Usually when we analyse the running time of algorithm we consider the number of CPU cycles it requires. However, this assumes that the reading and writing to memory is as cheap as some computation performed by the CPU. In reality accessing memory *is* cheap, but if the problem size (or the generated data) is so massive that it cannot fit into memory, we will have to write to external storage. The properties of this external storage is that even though we have a lot of it (almost unbounded), it is orders of magnitudes slower than the RAM. So if we are counting both external storage accesses and CPU cycles, the CPU cycles contributes almost nothing to the total. Thus for very big problem it makes sense to analyse them in terms of the number of external storage accesses it does and completely disregard CPU cycles. This is what is called the I/O model and we will see how this different way of counting influences our algorithmic design.

To define more formally these different ways of analyzing an algorithm, let us consider first how a simplified computer is structured. The general structure is shown in fig. 1 having two caches close to the CPU followed by a Random Access Memory (RAM) and furthest away the disk storage. RAM is much faster than disk storage but expensive which is why it is limited in size. Disk storage, on the other hand, is slow but cheap which is why we have a lot. As indicated by the distance from the CPU the disk is much slower to access.

There are two simplifying models we will consider to approximate how things are in reality. The first model we considered, called the RAM model, assumes that everything can fit in memory (formally that we have unbounded memory).

This hypothetical computer makes two assumptions:

- Each memory access and simple operation (e.g. arithmetic, boolean operators, function calls) takes exactly 1 time step.
- The memory is unbounded.

The cost is number of timesteps.

What the I/O model instead counts is only the read/write operations to disk.

The model assumes:

- Problem size is .
- Limited memory of size .
- Infinite disk space.
- And read/write a consecutive block of between memory and disk.
- Computation can only be done on cells in memory.

The cost is only the number of I/O’s operations (as a function of , and ) so computations *are free*.

Even though the I/O model is still an oversimplification of the actual architecture it has shown to predict the asymptotic running time accurately in many cases.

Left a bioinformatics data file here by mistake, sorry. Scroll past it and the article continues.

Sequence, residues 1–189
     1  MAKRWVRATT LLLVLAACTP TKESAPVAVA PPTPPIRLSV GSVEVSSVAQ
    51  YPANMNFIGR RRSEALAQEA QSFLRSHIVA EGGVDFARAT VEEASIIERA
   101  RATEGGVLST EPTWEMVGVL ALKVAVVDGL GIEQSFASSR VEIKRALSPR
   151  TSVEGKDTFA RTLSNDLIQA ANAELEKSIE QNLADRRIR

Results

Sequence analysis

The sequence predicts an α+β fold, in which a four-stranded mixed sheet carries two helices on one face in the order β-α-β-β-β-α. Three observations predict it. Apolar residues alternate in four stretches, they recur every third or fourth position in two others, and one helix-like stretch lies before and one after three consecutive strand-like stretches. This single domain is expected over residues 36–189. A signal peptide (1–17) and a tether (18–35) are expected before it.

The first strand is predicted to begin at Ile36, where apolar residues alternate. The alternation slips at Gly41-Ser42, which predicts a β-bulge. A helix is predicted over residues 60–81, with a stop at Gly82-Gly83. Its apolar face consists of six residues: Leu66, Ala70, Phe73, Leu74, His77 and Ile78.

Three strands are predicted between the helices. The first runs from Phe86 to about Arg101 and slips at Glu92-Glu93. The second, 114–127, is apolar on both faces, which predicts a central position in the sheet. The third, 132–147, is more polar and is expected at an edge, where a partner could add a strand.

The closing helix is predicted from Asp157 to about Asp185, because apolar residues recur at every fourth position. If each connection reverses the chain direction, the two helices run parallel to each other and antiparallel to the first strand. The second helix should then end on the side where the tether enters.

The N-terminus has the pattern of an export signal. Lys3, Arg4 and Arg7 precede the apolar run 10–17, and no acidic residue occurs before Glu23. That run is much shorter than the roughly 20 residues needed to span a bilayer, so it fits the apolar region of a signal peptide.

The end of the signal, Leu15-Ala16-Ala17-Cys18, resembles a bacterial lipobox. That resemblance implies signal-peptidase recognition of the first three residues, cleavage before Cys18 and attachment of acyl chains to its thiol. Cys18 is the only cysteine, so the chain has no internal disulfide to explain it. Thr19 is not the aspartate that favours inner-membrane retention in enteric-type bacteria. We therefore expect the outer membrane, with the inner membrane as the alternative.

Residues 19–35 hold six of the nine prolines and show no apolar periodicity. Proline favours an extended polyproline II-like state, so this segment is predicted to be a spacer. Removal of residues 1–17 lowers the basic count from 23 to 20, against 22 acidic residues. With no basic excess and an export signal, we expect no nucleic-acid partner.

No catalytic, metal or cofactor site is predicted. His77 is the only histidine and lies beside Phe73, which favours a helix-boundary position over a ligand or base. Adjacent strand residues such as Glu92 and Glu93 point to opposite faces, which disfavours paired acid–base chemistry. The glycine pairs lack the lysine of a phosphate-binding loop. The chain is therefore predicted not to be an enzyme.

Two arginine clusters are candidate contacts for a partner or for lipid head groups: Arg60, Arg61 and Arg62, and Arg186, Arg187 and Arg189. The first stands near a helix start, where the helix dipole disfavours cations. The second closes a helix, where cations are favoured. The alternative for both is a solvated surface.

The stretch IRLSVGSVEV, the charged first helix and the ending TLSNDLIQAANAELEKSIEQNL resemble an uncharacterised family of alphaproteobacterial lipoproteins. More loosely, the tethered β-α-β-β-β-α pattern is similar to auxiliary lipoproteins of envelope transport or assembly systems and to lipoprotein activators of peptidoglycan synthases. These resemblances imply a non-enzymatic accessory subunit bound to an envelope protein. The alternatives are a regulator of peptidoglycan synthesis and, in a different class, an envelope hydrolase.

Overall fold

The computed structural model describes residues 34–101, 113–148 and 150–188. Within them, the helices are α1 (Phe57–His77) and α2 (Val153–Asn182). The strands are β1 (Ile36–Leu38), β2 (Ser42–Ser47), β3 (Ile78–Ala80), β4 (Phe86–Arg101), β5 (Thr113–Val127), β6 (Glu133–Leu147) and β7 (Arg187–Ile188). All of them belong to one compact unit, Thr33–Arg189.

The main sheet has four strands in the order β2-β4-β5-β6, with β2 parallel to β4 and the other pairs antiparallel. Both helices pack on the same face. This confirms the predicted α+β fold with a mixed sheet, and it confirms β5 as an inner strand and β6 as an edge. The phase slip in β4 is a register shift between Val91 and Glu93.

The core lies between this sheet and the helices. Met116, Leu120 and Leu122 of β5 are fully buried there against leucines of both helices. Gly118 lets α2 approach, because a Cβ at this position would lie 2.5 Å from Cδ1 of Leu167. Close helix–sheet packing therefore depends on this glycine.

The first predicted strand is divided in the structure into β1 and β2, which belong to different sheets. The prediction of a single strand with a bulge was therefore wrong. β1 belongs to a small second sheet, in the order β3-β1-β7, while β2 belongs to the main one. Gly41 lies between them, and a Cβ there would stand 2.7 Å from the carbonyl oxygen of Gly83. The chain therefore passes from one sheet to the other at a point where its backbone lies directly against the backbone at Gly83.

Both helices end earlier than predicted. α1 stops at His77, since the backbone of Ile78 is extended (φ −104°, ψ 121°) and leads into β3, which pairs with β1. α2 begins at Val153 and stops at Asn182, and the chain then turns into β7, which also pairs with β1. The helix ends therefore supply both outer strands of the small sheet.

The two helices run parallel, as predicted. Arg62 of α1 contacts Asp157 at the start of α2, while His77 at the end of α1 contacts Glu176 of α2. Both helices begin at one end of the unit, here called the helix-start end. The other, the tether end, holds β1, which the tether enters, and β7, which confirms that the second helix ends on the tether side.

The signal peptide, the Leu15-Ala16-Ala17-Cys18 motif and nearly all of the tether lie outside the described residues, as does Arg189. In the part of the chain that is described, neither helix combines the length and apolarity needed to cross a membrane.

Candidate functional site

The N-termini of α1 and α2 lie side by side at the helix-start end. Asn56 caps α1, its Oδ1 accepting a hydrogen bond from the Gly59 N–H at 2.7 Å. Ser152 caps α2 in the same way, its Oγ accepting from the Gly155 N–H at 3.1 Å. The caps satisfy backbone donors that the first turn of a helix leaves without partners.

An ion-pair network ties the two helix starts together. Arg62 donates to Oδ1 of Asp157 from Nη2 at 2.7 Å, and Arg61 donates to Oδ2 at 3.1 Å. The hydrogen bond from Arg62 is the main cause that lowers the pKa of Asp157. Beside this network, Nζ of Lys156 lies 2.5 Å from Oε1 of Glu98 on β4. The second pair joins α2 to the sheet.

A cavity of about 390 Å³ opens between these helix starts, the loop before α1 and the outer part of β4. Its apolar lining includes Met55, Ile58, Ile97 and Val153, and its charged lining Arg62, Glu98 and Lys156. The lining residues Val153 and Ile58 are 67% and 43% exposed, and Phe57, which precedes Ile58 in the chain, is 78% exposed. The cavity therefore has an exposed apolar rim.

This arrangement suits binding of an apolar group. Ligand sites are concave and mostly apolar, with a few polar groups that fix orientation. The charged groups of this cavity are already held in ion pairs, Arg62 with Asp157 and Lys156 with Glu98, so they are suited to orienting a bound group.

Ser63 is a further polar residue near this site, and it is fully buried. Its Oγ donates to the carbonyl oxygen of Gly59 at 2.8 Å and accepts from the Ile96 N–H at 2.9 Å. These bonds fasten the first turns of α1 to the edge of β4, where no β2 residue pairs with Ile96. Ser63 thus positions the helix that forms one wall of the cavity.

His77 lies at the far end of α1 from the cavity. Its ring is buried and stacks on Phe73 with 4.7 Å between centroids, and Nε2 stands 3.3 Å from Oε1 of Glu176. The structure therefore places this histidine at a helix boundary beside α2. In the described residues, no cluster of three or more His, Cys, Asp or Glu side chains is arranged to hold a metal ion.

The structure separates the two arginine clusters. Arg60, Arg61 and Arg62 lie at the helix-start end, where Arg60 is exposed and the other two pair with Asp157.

We will consider how to obtain efficient sorting in the I/O model.

One merge algorithm that can be adjusted to be efficient for the I/O model is the mergesort algorithm, specifically a -way mergesorting [1].

The objective is to merge a number of sorted arrays together. Say we want to keep one block for each array in memory at every given time then we can only merge sorted arrays if using a multi-array merge.

The -way merge proceed as follows. We merge the usual way by maintaining a pointer for each array starting at the first index. We then take the minimum value of the pointers and increment the pointer at the minimum value. The different is that if the pointer overflows the currently loaded block for the given array the next block in the array is loaded instead. Additionally, when the output in memory reaches a size of it is written to disk and removed from memory.

The argument for correctness is similar to normal -way merge but we also have to consider whether enough memory is available. Fortunately, we can keep all array of size in memory since they take up in total.

Here we use that we have divided the input arrays and output array into chunks of size . The arrays are divided into blocks and the output is written using blocks. So I/O operations are spent.

*Figure* 2: -way merge. indicates blocks that have already been in memory. indicates blocks that are currently in memory. denotes the current pointer for the array..

The merging step requires already sorted arrays. Observe that we can sort cells at a time efficiently since computations are free when the cells fit in memory.

So to turn an unsorted array of length into sorted arrays (each of length ) first load in cells using blocks and sort them using some sorting algorithm. Do this for all sub arrays.

Each sub array takes I/O reads and writes, and there are block so number of I/O operations is .

Now, the idea is that we can combine the sorting and merging step to get an efficient mergesort in the I/O model.

Apply sec. 2.2 to get sorted arrays of length . Now, iteratively merge bundles of arrays so that the number of arrays at each level is reduced by .

To figure out the complexity for the entire computational tree (illustrated in fig. 3) we analyse how much each layer uses and how many layers we have.

*How many I/O operations are used on each level?* We count the level index from above. There are arrays in total at level each having size thus taking operations to sort using sec. 2.1. In total .

*How many levels are needed?* The number of arrays at level is . When this is equal to we can apply sec. 2.2. Solving for yields:

So we spend for each levels and apply sec. 2.2 once on the final level taking . Number of I/O is thus

which is actually a closer bound than what the article suggests.

*Figure* 3: Mergesort that sorts arrays in the bottom layer using sec. 2.2 and then merging bundles of sorted arrays recursively until only one sorted array of length is left..

We have introduced the I/O model and shown an efficient mergesort algorithm when . It has very similar running time as the standard mergesort with but it differs by depending on and . Specifically it makes I/O operations.

Next we will explore what we can do if we do not know and .

[1] A. Aggarwal and S. Vitter Jeffrey, “The input/output complexity of sorting and related problems,” *Commun. ACM*, vol. 31, no. 9, pp. 1116–1127, Sep. 1988 [Online]. Available: http://doi.acm.org/10.1145/48529.48535